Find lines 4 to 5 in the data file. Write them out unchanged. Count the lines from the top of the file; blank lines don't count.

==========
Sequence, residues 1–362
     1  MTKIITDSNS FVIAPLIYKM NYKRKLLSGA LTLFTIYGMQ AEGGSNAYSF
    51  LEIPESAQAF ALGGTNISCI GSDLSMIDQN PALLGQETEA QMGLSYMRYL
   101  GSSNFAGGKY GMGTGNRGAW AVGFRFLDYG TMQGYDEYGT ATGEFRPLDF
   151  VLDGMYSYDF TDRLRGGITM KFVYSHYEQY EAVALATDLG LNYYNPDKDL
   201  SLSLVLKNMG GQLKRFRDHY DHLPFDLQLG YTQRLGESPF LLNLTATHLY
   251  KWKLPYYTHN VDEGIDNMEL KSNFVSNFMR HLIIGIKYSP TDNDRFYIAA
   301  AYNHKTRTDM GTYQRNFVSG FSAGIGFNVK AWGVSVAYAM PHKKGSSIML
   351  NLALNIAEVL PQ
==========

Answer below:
   101  GSSNFAGGKY GMGTGNRGAW AVGFRFLDYG TMQGYDEYGT ATGEFRPLDF
   151  VLDGMYSYDF TDRLRGGITM KFVYSHYEQY EAVALATDLG LNYYNPDKDL